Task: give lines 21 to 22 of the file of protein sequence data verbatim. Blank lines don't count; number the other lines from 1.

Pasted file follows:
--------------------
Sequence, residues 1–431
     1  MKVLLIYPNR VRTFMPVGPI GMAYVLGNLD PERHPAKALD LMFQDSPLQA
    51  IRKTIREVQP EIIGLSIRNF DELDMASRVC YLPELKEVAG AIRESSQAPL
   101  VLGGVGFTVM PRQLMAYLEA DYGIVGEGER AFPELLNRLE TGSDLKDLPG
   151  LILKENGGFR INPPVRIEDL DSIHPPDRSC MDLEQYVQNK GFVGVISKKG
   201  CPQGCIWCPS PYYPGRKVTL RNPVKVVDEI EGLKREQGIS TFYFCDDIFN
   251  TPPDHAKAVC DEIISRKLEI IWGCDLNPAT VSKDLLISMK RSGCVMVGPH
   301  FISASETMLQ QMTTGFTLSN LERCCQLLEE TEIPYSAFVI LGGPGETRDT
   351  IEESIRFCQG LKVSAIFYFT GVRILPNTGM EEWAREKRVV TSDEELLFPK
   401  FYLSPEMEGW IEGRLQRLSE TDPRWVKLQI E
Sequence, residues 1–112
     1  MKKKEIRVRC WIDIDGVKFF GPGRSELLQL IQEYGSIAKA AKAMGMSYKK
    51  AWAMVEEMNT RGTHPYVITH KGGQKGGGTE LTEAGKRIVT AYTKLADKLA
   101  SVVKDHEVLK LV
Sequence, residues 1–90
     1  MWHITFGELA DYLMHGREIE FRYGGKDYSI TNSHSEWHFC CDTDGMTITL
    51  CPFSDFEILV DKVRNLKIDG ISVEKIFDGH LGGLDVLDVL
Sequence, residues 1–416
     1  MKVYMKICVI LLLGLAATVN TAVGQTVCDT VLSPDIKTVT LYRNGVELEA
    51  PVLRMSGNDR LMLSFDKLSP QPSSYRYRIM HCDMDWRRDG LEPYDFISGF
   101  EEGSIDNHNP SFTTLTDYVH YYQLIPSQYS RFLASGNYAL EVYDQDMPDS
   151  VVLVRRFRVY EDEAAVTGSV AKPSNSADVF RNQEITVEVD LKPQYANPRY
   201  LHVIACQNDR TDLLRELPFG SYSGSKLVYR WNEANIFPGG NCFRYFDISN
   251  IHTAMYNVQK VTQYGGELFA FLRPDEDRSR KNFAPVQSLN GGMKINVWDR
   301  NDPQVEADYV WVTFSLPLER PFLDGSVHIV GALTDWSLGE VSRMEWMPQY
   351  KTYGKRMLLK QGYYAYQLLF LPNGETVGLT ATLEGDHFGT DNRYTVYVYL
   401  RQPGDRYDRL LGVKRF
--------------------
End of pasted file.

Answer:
   101  EEGSIDNHNP SFTTLTDYVH YYQLIPSQYS RFLASGNYAL EVYDQDMPDS
   151  VVLVRRFRVY EDEAAVTGSV AKPSNSADVF RNQEITVEVD LKPQYANPRY